By Secretary of State Dennis Richardson
I recently returned from a meeting where I met with other Secretaries of State from around the country. As you can imagine, cybersecurity dominated our discussions. I was able to attend a briefing with National Intelligence, the Department Homeland Security, and FBI officials. Generally, the briefing focused on information that now has been made public in the indictment of 13 Russians.
What is most significant to me from the information I received, which is now public, is the Russian conspiracy apparently was not to change the outcome of the election, but its purpose was to undermine American confidence in our electoral system. While Oregon was one of 21 states whose voter registration system was targeted, no access was obtained. There are new, unsubstantiated reports coming out that say seven states had their files compromised. The Department of Homeland Security has assured us that Oregon’s voter registration database was not breached.
After attending the briefing and comparing best practices from other states, I am confident that Oregon’s voting system is a national leader in cybersecurity and protection from malicious outside intrusions. That said, we continue to evaluate and improve our security processes to ensure our systems are as secure as possible.
The Department of Homeland Security and the FBI have confirmed that no vote tally systems in Oregon have been hacked. Since I assumed my duties as Oregon Secretary of State, each of the three elections that have taken place on my watch have been conducted without incident. In fact, Oregon’s multi-layered systems have successfully protected our election systems for years and we continue to build our defenses to deal with new threats.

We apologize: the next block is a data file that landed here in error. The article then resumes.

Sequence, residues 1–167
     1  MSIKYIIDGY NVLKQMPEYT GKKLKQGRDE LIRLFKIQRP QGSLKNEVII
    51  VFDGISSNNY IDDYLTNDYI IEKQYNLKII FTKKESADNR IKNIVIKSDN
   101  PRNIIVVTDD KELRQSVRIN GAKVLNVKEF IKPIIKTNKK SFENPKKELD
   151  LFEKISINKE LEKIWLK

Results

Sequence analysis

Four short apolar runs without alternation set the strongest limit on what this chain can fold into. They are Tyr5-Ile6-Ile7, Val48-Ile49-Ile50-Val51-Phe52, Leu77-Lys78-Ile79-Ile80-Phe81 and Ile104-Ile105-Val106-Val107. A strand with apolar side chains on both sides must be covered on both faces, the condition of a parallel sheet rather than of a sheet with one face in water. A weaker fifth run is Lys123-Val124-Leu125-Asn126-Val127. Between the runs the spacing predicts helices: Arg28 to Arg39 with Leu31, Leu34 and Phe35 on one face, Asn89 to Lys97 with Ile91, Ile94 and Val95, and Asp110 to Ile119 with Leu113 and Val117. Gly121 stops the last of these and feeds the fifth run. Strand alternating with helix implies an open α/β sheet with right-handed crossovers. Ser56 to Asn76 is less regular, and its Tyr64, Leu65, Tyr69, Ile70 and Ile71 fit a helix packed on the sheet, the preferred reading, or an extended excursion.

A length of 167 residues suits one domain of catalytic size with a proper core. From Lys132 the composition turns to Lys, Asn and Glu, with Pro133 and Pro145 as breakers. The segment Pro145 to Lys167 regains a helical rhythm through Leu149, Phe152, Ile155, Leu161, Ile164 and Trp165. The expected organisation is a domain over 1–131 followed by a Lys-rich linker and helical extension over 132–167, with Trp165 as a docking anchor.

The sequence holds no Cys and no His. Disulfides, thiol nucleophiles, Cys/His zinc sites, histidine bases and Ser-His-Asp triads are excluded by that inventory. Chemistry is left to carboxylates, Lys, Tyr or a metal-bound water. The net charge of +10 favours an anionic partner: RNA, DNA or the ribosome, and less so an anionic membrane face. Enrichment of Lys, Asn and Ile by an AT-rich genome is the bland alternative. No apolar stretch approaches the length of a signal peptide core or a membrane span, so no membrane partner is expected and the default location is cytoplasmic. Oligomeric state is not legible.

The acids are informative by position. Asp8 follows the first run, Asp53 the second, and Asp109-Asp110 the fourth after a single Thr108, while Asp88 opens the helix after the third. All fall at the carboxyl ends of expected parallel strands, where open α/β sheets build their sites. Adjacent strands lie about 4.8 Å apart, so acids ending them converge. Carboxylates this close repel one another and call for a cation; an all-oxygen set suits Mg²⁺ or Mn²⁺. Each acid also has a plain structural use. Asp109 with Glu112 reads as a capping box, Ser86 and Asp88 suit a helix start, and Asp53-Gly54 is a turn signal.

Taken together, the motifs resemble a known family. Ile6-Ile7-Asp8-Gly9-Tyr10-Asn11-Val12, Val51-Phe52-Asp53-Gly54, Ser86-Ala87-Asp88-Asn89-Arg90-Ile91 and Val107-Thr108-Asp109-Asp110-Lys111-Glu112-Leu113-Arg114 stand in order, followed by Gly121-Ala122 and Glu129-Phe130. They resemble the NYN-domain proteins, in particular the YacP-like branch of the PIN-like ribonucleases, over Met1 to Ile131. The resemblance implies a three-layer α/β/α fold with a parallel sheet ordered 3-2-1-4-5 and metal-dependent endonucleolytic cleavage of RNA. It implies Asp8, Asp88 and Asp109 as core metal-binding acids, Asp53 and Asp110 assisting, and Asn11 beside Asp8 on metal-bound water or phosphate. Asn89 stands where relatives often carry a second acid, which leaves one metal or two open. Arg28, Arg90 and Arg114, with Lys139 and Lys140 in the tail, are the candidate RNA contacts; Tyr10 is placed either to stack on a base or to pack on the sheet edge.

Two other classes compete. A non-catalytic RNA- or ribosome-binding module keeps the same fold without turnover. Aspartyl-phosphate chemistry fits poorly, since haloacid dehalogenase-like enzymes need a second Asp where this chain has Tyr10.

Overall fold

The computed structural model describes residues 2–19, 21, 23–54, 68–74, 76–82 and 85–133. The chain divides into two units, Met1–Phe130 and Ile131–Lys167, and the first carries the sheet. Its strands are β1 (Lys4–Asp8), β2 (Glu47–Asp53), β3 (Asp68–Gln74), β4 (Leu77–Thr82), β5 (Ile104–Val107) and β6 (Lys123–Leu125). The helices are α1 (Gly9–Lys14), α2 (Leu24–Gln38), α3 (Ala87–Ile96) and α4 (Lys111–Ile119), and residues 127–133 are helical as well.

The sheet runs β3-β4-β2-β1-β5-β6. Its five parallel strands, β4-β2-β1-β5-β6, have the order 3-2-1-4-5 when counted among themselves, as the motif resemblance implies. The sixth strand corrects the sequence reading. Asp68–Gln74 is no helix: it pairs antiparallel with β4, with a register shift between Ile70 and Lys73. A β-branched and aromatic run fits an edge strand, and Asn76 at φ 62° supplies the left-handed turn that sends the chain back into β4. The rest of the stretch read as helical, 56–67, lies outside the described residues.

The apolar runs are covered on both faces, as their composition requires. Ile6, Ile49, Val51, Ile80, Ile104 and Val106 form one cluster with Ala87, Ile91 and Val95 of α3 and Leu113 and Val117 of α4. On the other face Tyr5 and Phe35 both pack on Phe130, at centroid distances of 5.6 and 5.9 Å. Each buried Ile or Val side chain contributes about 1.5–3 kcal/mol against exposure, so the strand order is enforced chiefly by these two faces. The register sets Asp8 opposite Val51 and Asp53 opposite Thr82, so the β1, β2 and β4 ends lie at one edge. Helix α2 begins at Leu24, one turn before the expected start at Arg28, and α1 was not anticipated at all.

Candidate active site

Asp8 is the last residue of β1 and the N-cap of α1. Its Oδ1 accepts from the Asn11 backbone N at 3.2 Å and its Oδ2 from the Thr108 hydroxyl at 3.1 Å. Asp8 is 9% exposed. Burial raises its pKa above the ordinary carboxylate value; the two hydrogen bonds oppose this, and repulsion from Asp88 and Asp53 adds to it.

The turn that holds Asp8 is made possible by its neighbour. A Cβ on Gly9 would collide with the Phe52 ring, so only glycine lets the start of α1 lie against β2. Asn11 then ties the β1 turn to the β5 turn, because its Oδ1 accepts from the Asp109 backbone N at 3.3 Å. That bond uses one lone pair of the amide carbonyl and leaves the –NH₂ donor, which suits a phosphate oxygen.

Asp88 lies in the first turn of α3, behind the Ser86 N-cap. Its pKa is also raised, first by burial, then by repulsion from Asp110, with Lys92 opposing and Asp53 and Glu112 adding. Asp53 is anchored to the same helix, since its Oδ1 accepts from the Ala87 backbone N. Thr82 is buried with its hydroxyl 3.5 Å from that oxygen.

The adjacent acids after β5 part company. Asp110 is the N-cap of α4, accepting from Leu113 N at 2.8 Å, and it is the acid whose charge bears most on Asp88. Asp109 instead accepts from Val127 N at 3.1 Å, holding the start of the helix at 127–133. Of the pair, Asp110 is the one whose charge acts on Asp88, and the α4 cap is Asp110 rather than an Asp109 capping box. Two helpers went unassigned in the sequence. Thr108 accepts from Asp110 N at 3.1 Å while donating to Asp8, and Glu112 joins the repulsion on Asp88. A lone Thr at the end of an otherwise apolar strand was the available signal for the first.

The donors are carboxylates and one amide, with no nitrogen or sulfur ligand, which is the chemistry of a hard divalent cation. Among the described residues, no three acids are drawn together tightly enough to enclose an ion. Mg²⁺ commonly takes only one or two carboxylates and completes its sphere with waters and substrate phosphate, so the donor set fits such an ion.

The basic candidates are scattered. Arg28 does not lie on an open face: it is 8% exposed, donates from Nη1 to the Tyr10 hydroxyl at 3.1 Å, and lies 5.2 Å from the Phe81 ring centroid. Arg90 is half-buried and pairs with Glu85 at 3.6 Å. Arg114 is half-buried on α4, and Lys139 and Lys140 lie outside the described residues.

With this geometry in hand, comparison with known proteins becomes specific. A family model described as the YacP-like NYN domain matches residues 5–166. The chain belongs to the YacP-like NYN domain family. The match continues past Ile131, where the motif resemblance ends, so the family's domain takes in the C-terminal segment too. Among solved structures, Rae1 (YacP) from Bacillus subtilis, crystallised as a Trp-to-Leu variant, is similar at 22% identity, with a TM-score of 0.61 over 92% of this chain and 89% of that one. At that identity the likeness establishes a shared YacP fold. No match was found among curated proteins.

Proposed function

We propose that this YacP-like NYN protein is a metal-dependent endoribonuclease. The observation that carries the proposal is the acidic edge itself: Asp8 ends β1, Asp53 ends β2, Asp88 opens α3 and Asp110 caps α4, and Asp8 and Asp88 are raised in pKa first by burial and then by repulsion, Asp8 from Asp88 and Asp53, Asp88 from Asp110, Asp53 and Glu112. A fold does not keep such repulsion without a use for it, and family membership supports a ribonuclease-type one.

Oregon’s voter registration database is backed up every day, and we have detection devices in place to notify us if an attack were to occur. Thus, if our voter registration database were to be hacked, we would be able to revert to the previous day’s clean file by restoring the backup. We would then focus on those few transactions that were impacted during the time in question to ensure the accuracy of every voter registration record.
Voting System Certification
Oregon statutes require voting systems to be certified. A federally accredited voting system test laboratory checks for vulnerabilities and provides our Elections Division with a report that helps us perform our own analysis to ensure systems are secure before certifying them. Once these certified machines are purchased by the counties, they are never connected to the internet and are physically secured at all times. Since Oregon voters use paper ballots, all ballots are counted in secure rooms equipped with security cameras at each of Oregon’s 36 county election offices.
Another key accuracy step in Oregon’s security process is logic and accuracy testing of voting systems. This testing takes place before and after every election and is required by state law. Before voters’ ballots are scanned, test ballots are marked and run through the tally machines to ensure the results from the voting machines match how ballots are marked. This same process is followed after the election to ensure there was no change to the programming of the ballot counting machines.
Every Oregon county elections office also audits a random sample of ballots where an elections official counts ballots by hand to ensure the published results accurately reflect the votes cast by Oregon voters. This confirms that there has been no tampering with the vote tally systems and the results are accurate.
We are in the middle of an information war, and that is why I am determined to be transparent and give you real information about how your government is serving you. I want you to know that you can be confident in our election system and that paper can’t be hacked.
Dennis Richardson is Oregon’s Secretary of State. In 2016, he became the first Republican to be elected to statewide office in Oregon in 14 years.